[Tagging] Divided highways, and not so divided highways, one way or two

Paul Johnson baloo at ursamundi.org
Fri Oct 11 12:10:43 UTC 2019

On Fri, Oct 11, 2019 at 5:38 AM Snusmumriken <snusmumriken.mapper at runbox.com>

> On Fri, 2019-10-11 at 11:21 +0200, Martin Koppenhoefer wrote:
> >
> >
> > Am Fr., 11. Okt. 2019 um 11:10 Uhr schrieb Snusmumriken <
> > snusmumriken.mapper at runbox.com>:
> > > It is up to the driver. I think he can ignore most of the traffic
> > > laws
> > > in the cause of getting as fast and as safe to where he needs to
> > > go. So
> > > he would use his own judgment and not so much what a routing engine
> > > tells him what he can do.
> >
> >
> >
> > you are missing the point: when the emergency vehicle gets the call,
> > the routing engine will suggest a route to approach the place of
> > action from where it is now, and depending on the osm data (and other
> > data like traffic congestion, unaccessible roads, etc.) it may
> > suggest different routes. Of course you can dismiss this in general
> > and say: "the driver will know where to go" or "will use his own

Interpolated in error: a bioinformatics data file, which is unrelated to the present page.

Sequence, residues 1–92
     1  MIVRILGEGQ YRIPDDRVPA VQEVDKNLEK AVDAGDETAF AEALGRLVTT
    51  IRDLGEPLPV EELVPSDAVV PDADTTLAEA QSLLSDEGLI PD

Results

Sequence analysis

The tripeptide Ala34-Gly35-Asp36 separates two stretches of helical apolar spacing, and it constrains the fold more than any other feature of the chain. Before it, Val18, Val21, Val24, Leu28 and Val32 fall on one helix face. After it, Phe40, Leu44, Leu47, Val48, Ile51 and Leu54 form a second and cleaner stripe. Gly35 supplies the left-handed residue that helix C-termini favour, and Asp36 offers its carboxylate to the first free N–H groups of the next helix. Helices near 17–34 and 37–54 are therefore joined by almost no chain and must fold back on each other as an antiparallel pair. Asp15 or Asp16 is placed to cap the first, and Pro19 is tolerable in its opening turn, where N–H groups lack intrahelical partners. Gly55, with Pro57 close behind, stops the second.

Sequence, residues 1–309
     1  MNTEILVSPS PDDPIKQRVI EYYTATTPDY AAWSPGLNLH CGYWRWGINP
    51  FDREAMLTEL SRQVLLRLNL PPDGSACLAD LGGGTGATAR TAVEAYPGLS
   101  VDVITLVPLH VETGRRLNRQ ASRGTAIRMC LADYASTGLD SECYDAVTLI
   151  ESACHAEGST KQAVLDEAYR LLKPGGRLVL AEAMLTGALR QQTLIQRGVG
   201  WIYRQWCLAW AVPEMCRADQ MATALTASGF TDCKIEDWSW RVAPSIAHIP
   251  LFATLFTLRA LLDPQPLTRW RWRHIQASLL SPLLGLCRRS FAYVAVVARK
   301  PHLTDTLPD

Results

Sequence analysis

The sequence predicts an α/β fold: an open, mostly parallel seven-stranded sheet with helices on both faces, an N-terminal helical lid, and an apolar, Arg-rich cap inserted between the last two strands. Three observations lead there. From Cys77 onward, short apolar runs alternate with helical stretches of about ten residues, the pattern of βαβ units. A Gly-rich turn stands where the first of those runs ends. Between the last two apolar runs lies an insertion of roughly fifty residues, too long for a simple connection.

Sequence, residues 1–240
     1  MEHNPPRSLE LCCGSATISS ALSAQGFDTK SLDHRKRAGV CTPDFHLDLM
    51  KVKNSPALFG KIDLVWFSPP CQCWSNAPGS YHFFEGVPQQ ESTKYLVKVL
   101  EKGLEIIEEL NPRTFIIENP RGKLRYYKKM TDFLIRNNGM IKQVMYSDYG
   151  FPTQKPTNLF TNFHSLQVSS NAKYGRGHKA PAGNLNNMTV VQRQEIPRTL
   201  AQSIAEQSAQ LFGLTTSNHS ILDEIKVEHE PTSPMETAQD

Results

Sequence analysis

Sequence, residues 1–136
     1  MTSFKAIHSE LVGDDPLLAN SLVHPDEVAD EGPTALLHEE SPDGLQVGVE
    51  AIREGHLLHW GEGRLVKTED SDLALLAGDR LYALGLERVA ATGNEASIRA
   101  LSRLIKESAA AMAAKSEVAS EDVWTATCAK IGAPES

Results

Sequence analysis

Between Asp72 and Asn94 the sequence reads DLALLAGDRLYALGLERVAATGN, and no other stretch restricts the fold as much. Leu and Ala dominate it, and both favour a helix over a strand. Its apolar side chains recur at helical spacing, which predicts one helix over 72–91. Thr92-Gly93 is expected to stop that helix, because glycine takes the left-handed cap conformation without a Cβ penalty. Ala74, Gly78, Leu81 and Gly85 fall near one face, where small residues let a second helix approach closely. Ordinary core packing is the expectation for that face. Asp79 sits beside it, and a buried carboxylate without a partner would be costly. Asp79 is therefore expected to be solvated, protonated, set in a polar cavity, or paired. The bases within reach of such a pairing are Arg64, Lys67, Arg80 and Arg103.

> > judgement", i.e. would not use OSM data at all, but this is not the
> > reality, in reality, OSM is used more and more in emergency
> > scenarios. There are companies dedicated to provide OSM-data-based
> > infrastructure for use by emergency services. I have seen it.
> Thanks for clearing that out. I still think it is better to map for the
> 99.99% of drivers who need to follow the law strictly. Special tagging
> for different emergency vehicles could be applied.
> Just to be clear, I'm not advocating that legal separation MUST lead to
> way separation. Just that a rule that wouldn't allow it would be a very
> bad rule. What makes most sense based upon the ground truth should be
> followed.

I think you're asking for a new tag, or adding turn restrictions, not
physical separation.  It's pretty well established that two lines is two
roadways, for which crossing over is only really going to happen where
another way is crossing between the two, not "you can't cross this line on
the pavement".  It's not like the rest of the world doesn't have this
problem, the US frequently has flush medians (
https://i.imgur.com/st58ROv.png) that indicate that you can't turn across
them or use it like a lane.  About the only time these don't get mapped as
a single way is if the median is of a geometry to deal with two closely
adjacent intersections that the only reason there's not another curbed
island there is to deal with vehicle offtracking.  Or more rarely because
it gets a fire station driveway over the median, but then the emergency gap
gets tagged as such.
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